See Jupiter’s Northern Lights at the Height of a Solar Storm
Exploring the relationship between planets’ magnetospheres and solar winds could ultimately help identify habitable exoplanets.
Jupiter has its own version of the Northern Lights, and it can be hundreds of times more energetic than the earthly phenomenon.
For the first time, scientists have studied Jupiter's X-ray aurora during a solar storm. They found that it was eight times brighter than usual under these conditions, and that its brightest spot "pulsed" more quickly—every 26 minutes as opposed to 45 minutes. The researchers don't know exactly why this is, but ultimately understanding these kind of processes could help identify habitable planets elsewhere in the Universe.
Here, the image on the left shows the aurora as a coronal mass ejection (solar flare) reached Jupiter in October 2011; the image on the right shows it two days later when the solar wind had subsided. As the aurora is made of X-rays—which are more energetic than the light in our aurora borealis—they're not visible, but the brightness in the colouring is based on the data collected with NASA's Chandra observatory.
The study was published Tuesday in the Journal of Geophysical Research. William Dunn, a PhD student at University College London's Mullard Space Science Laboratory and lead author, explained in a phone call that this research will help demystify the relationship between Jupiter's massive magnetosphere (the area controlled by its magnetic field) and solar wind.
"We have a vague idea of what's going on between the Earth's magnetic field and the solar wind, but we don't really understand what happens elsewhere in the Solar System," he explained.
Jupiter is particularly interesting because its magnetic field and magnetosphere are very different from Earth's. For a start, Jupiter is much bigger than Earth (and every other planet combined) and its magnetic field is magnitudes stronger. It also spins faster with a full rotation every 10 hours, as opposed to 24 hours, and is affected by volcanic material from the moon Io.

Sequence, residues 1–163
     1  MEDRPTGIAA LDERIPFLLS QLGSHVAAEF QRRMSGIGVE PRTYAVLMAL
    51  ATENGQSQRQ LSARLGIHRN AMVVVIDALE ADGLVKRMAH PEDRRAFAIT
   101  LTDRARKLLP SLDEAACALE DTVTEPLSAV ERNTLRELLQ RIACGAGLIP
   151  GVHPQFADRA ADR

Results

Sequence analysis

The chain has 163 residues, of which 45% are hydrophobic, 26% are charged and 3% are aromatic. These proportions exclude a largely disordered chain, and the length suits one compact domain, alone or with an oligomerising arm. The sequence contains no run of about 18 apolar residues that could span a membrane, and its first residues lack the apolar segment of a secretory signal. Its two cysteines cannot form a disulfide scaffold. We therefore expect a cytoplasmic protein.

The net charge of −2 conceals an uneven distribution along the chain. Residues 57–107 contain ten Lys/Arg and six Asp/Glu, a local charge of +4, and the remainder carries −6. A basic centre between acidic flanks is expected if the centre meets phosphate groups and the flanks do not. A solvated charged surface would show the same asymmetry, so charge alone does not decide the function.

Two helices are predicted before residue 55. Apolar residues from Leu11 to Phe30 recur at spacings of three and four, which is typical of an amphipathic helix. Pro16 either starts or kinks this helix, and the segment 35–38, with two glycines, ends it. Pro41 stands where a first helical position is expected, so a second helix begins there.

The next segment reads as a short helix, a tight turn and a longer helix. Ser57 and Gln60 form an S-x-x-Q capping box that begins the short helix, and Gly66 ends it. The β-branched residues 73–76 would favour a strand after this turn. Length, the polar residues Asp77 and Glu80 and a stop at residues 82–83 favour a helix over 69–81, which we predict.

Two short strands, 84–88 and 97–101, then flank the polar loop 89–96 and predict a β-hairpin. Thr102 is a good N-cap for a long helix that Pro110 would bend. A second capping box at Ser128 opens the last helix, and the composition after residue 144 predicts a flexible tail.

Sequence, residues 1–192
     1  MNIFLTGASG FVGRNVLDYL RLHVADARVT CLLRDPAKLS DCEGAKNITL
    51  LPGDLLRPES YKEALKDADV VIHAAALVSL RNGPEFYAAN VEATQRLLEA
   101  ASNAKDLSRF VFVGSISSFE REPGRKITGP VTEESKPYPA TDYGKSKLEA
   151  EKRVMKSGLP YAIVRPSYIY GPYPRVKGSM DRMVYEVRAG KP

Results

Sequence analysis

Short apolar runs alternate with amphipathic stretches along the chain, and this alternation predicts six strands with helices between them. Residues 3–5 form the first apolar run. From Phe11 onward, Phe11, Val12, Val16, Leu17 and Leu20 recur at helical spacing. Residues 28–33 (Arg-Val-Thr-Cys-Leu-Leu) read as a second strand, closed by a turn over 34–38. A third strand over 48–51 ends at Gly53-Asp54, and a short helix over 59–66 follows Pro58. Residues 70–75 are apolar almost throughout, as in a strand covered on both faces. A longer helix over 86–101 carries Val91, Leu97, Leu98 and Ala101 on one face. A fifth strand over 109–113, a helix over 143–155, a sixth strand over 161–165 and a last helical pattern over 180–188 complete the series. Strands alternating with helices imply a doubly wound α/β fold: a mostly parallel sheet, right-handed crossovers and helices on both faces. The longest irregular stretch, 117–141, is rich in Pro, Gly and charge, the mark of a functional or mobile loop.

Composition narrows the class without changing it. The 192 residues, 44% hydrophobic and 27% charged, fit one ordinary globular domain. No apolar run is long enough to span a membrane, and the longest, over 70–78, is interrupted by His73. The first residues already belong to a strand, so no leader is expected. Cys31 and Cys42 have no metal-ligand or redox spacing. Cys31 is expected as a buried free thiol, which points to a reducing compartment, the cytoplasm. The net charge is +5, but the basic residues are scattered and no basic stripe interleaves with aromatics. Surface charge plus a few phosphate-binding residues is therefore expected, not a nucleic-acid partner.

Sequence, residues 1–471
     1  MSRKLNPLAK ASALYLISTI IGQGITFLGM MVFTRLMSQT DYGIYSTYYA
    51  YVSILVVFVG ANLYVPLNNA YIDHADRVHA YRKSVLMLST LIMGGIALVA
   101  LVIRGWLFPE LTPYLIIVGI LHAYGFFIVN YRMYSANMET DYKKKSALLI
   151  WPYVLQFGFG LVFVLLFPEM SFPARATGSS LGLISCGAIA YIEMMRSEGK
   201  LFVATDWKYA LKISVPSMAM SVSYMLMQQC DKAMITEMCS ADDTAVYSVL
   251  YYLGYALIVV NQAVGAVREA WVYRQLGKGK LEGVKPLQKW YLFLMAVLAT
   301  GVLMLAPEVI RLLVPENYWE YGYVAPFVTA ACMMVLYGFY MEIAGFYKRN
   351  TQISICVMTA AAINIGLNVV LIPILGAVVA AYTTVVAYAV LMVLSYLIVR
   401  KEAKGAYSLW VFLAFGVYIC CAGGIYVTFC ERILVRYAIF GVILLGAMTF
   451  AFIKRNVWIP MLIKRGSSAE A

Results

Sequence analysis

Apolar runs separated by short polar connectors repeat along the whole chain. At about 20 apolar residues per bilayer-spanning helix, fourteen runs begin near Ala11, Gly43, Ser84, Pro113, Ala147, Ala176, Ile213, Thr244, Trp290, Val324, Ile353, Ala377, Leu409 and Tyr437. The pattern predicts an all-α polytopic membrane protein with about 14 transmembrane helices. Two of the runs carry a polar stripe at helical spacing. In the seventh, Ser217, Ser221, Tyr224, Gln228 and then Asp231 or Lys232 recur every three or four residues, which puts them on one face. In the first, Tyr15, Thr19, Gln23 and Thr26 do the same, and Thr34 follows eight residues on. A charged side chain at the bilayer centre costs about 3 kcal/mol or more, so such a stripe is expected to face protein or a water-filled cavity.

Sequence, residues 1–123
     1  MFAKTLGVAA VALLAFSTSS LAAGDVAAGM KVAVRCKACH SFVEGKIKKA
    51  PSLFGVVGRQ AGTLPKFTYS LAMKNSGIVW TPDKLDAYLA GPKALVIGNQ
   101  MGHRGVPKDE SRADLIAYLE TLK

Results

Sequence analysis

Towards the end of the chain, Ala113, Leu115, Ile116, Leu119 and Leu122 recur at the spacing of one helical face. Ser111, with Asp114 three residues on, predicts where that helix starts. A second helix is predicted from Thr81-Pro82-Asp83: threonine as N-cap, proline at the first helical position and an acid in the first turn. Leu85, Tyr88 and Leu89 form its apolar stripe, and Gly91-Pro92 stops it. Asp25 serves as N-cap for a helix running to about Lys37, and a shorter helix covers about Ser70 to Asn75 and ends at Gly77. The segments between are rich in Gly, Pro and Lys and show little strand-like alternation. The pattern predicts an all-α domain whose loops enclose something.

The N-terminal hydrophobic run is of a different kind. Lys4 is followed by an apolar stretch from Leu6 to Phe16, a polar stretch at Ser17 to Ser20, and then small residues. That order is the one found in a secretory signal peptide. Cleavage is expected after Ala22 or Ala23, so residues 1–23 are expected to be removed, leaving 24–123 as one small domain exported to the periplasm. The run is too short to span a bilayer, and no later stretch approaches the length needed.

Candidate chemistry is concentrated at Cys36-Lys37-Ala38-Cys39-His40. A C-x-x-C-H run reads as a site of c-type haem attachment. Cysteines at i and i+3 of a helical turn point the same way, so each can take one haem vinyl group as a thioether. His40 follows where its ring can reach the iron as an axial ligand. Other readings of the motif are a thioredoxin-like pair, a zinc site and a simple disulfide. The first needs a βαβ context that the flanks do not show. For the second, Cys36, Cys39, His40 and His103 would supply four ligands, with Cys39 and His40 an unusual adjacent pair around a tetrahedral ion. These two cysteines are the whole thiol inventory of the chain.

Knowing more about how magnetospheres relate to solar winds could inform our search for potentially habitable exoplanets
As it's so different to Earth, it could help inform which processes connecting Earth to the solar wind are shared among other celestial objects, and which may be unique. "Because Jupiter presents a very different set of circumstances, Jupiter and Earth kind of provide us with two benchmarks against which we can understand all these other places and all these other features across the Universe," said Dunn.
One reason this is particularly cool: We think magnetic fields are crucial to support complex life. The fact that Mars's atmosphere was, we believe, stripped away by solar winds owing to its lack of a strong magnetic field, is a major reason many don't expect it to host life anywhere near its surface. Knowing more about how magnetospheres relate to the Sun and solar winds could therefore inform our search for potentially habitable exoplanets.
"By having a magnetic field, you get this protective boundary that prevents the solar wind sweeping away your atmosphere," said Dunn. "And so understanding the signatures that are associated with that protective boundary, and that interaction with the Sun, will help us to understand how well-protected the planet is from the solar wind."
For now, the researchers don't know exactly how the interplay between solar winds and Jupiter's magnetosphere works, but given the effect of the solar storm on the aurora, they know there is a relationship there.
Luckily for them, NASA's Juno orbiter is scheduled to reach Jupiter in July, and one of its goals is to specifically investigate the gas giant's magnetic field.